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It does this by tracking your pupils. It’s still in the early stages and there are still issues with it being fooled by mascara and eyeliner. The algorithm sees the dark area (usually your pupil) of the makeup and adjusts itself accordingly. Fove told Engadget that a future version of the algorithm will only look for things that are dark and round.

This future also has a one year lead time before Kickstarter backers receive their Fove. Of course with all things crowd-funded, there’s always a good chance that the ship date will slip and a larger, better-funded company could develop its own eye tracking piece of hardware. But for now, Fove is looking good by watching where you’re looking.

Filed under: Gaming, Peripherals, Wearables

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Hackers deface Tesla's website and Twitter accounts

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It’s all too common to see ne’er-do-wells compromising a website or a social network account, but Tesla just got hit with a triple whammy. At least one group has hijacked not just the electric car maker’s website and its Twitter account, but also founder Elon Musk’s account. Both social services were quickly back in running order, but the site is going up and down as of this writing. The attackers appear to be attention-seeking pranksters (they offered a “free Tesla” to anyone calling a PC repair shop, for example) rather than sinister agents. Still, something tells us that the company isn’t quite so amused — we’ve reached out for its take on the situation, and we’ll let you know if it has more to add.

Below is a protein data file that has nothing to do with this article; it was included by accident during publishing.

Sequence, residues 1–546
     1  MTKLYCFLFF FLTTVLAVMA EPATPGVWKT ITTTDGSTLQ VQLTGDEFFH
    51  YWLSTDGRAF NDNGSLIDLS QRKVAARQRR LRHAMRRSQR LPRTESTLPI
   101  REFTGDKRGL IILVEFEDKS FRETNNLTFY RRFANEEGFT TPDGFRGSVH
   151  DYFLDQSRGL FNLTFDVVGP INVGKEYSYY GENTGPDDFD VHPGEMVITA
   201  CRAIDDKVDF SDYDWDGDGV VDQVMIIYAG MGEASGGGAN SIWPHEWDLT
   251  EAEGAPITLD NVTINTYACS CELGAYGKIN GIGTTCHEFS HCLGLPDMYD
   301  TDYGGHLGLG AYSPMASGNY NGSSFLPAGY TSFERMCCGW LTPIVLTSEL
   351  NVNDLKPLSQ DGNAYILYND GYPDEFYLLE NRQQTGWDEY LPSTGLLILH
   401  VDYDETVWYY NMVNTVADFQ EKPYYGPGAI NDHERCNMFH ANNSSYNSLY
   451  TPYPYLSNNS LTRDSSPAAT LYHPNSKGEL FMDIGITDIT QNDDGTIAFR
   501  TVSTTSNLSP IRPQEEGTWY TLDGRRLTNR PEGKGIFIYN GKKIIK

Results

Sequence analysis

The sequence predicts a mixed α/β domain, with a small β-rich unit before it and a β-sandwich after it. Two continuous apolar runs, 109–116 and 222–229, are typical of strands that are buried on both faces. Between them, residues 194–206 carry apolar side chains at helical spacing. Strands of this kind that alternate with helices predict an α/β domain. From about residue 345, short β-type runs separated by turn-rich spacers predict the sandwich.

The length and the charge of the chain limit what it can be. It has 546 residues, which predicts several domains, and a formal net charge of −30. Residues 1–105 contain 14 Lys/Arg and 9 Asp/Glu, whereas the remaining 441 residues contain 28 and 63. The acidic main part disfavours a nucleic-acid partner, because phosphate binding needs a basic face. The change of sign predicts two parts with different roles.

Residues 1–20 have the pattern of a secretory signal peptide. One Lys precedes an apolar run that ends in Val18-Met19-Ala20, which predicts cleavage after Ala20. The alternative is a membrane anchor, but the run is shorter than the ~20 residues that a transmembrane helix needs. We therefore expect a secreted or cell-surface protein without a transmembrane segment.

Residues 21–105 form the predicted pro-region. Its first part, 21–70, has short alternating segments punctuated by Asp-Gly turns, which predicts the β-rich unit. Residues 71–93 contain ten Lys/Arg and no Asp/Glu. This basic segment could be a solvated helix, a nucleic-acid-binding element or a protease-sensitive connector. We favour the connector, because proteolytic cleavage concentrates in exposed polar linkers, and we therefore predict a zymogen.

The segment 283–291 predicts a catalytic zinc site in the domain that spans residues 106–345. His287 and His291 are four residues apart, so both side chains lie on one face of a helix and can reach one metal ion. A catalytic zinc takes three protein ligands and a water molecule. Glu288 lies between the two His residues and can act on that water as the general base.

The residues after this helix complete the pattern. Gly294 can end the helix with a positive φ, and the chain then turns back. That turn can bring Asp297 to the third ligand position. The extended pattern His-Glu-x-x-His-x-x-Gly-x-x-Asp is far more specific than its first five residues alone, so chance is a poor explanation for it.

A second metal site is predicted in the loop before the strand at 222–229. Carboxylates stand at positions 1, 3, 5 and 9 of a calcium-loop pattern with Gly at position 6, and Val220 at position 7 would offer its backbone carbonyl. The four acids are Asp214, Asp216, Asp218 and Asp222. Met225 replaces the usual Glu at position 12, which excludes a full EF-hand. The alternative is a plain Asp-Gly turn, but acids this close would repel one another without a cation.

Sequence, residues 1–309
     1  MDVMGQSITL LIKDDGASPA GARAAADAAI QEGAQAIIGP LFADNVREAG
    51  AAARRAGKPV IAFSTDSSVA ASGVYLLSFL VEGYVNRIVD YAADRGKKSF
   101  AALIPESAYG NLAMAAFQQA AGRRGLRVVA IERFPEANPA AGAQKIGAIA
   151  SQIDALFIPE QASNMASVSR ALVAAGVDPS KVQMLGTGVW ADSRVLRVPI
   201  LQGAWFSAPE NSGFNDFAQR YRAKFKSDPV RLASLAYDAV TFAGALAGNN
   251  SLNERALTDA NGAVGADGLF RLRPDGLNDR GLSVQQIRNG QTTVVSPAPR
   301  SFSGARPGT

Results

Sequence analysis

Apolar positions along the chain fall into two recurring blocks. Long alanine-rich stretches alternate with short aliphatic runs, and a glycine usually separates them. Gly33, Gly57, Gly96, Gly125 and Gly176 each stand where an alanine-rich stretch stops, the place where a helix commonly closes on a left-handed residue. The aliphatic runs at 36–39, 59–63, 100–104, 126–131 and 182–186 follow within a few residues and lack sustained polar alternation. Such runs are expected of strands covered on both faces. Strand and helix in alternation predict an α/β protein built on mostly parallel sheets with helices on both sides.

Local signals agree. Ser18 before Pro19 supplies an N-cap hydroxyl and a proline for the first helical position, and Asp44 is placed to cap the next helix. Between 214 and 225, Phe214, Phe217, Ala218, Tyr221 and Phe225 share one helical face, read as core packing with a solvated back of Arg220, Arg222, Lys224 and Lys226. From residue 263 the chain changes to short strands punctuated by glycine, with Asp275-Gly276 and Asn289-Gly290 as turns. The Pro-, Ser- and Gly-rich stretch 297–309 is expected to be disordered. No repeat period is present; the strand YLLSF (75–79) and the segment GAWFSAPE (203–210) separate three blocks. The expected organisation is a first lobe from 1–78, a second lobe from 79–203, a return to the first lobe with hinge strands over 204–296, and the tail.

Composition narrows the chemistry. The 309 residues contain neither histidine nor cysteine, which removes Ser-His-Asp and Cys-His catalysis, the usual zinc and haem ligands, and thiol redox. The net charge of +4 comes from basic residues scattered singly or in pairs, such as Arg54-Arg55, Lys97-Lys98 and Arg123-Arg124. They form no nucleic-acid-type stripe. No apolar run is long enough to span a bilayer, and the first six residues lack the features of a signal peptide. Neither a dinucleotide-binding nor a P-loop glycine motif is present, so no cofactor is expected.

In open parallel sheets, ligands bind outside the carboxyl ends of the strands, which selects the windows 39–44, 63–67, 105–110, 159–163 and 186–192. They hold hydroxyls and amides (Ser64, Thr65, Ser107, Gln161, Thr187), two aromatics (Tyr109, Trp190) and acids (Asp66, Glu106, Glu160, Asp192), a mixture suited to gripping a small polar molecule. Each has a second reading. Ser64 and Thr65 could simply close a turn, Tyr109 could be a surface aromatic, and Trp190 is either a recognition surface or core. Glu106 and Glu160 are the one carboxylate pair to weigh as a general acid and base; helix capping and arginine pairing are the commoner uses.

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SpaceX rocket launched successfully, landed 'too hard for survival'

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Today SpaceX successfully launched its latest mission to the International Space Station, but couldn’t reach its goal of safely landing the rocket’s first stage on a barge. According to CEO Elon Musk, while the ascent was successful, the “Rocket landed on droneship, but too hard for survival.” There’s no video of the landing attempt yet, but hopefully soon we’ll be able to see how close it came. This outcome isn’t entirely unexpected either, as Musk tweeted yesterday that the chance of a successful landing by the end of the year stands at 80 percent only because the company has so many launches planned.